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  •  Type: Lodge
  •  Beds: 4
  •  Baths: 3
  •  Sleeps: 10

Description

Whatever adventures may be planned for an Alaska vacation, a stay in the Wise Old Hunter Lodge at Bear Paw Adventure will go down as one of the highlights of the trip. This building is a unique log structures, made by the Bear Paw family from beetle-killed spruce trees, and constructed using a Swedish full-scribe method that produces tight, wood-to-wood, chink-less joints. Nonsmoking and no pets allowed indoors. The building is partially hidden among the spruce trees and wildflowers, a natural location that creates a private wilderness setting.  Views of four volcanoes and Cook Inlet can be seen from Anchor Point.

The Wise Old Hunter Lodge is a great vacation rental or vacation home. It has 9-beds and 1-1/2 bath. The first floor includes full kitchen, dining and family areas, bedroom with two twin beds, and full bath. The north room has a queen-size log bed, plus a day bed that converts to two twins or a double.

A log spiral stair leads to the loft with four twin beds in two sleeping areas and the half bath. The BBQ deck is two-steps down from the large south porch, and is a great place to relax in the sun and watch for moose, eagles and other wildlife. The BBQ area is covered and features a large split-log bar with log bar stools.

The low rate for your exclusive use of the lodge includes satellite TV, internet service, gas BBQ and use of the fully-equipped and stocked Kitchen and Washer and dryer.

Alaska big game trophy mounts in the lodge include moose, caribou and Dahl sheep. The Wise Old Hunter Lodge is located in a natural area among the spruce trees and wildflowers, right on top of some of the best fishing in the world and surrounded by great Alaskan adventures such as bear viewing, kayaking, dog sledding, hiking, dinning and shopping.

About Location

Why it is Famous ?

Anchor Point, Alaska is so named because the one of the greatest explorers of all time, Captain Cook, lost a ship\'s anchor here in 1778, and he called the place \"Anchor Point\". Anchor Point is also noted to be the most westerly point of the North American connected highway system.

Facts About Destination

In late May 1778, one of the greatest explorers of all time, Captain James Cook, sailed the ship Resolution into Cook Inlet. Captain Cook was on his third voyage for England, trying to find a northwest passage that would connect the Pacific to the Atlantic. On this trip, attempting to travel north up the inlet, the Resolution was able to make progress only by sailing north with the favorable incoming tide and then waiting out the ebb tide on anchor so as not to be pushed by water and wind to the south and back down the Inlet toward the Gulf of Alaska. On one of these ebb tides, the Resolution lost an anchor due to the strong tidal flow and stormy weather, and although effort was made, the crew was not able to recover it. At that time, Cook saw two columns of smoke from native campfires on the eastern shore, and he named the area âSmokey Cape.â The Resolution and the sister ship the Discovery spent the night near that location, at a place that Cook called Anchor Point. That name is still used today for this small community located on the eastern shore of Cook Inlet, just north of Kachemak Bay.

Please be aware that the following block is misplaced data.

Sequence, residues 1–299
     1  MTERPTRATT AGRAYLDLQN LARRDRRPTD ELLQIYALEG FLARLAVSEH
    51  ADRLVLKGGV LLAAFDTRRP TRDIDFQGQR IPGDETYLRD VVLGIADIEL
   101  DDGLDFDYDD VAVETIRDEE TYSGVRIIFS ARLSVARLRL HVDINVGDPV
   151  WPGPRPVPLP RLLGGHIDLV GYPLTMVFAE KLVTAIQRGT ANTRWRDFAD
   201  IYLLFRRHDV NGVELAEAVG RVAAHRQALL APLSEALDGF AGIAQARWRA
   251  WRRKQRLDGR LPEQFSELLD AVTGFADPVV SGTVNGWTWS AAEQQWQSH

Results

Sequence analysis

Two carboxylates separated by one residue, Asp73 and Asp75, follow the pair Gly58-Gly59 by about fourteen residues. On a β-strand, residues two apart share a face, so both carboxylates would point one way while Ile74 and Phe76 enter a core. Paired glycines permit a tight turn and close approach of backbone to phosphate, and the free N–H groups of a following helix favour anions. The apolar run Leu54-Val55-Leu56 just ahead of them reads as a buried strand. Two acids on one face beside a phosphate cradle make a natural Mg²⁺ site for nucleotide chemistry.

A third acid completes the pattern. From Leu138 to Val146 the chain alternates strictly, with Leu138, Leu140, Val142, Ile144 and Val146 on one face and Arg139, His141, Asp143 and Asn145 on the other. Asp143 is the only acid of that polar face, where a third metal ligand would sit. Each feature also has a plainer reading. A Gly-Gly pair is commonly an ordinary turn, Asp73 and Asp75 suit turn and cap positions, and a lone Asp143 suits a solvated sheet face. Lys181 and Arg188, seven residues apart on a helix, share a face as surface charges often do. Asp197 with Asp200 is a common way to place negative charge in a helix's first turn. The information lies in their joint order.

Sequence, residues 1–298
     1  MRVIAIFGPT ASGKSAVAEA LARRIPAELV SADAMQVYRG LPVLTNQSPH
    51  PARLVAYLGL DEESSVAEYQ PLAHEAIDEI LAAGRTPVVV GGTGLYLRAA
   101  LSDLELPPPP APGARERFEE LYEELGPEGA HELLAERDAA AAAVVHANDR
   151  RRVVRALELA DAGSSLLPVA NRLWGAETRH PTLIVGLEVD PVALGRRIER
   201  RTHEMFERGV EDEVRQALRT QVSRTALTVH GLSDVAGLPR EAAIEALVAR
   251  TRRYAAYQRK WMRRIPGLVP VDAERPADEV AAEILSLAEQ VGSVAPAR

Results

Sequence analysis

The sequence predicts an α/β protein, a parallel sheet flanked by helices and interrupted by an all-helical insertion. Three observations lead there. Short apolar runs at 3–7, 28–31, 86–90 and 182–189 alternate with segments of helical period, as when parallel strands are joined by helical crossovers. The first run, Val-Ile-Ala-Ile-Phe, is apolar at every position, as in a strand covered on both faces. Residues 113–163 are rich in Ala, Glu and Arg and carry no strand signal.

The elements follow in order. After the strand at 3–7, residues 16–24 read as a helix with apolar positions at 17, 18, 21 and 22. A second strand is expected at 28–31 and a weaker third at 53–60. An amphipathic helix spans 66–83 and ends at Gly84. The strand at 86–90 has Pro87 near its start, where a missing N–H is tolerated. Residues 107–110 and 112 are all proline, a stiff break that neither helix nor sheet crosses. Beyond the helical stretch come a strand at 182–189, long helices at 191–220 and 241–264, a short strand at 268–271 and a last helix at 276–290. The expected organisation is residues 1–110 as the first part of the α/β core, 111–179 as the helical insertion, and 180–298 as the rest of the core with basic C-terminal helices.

Area Information

Anchor Point is a small, relatively non-touristy-appearing place, but tourism fuels a major portion of the economy of this community that covers almost 91 square miles. The Anchor Point Post Office was established here in 1949. Businesses in the town include small grocery stores, two gas stations, liquor store, hardware store, real-estate office, dentist, and a few restaurants, including sit down and fast food. There is also a golf course, school (grades 1-6), fire station, library and an Alaska state police office. Medical facilities and a hospital are available in Homer, which is about 15 miles down the road, or as they say, at the end of the road. You have probably heard Homer Alaskaâs Tom Bodett on the motel commercials where he promises to âkeep the light on for you.â Visitors will also find great places to stay in or near Anchor Point, including the Wise Old Hunter Lodge and Moose Cabin at Bear Paw Adventure, conveniently located about one mile north of town in a quiet, private, natural area among the spruce trees and wild flowers. 1

How to reach

The drive from Anchorage to Anchor Point is about 200 miles, and the route is fairly simple - just take the only road south out of Anchorage (Seward Highway or Rt 1), then continue on Rt 1 when it turns right and becomes the Sterling Highway, and then follow the Sterling to Anchor Point. If you miss Anchor Point and come to the end of the road â youâre in Homer. This is a very scenic trip, and although the actual driving time is about 4 hours, many visitors will take most of the day, stopping frequently for photos of Turnagain Arm, the mountains, Cook Inlet, volcanoes as well as to photograph moose and Dahl sheep and visit some of the attractions.

Transport system

Most gusts fly into Anchoage and then rent a car or van for their use in exploring the Kenai Peninsula.

Precautions

Watch for moose on the highway and give these and other Alskan wildlife lots of room when you see them along trails or even in town.

Lifestyle

Alaskans like a slow pace, caual life style, with great emphais on outdoor acitivities incuding hunting, fishing, wildlife viewing, hiking, etc.

Best time to visit

Anytime is a great time to visit Alaska. May through September is the peak tourism.

Languages

Alaskan - which is fairly similar to English.

Budget

moderate

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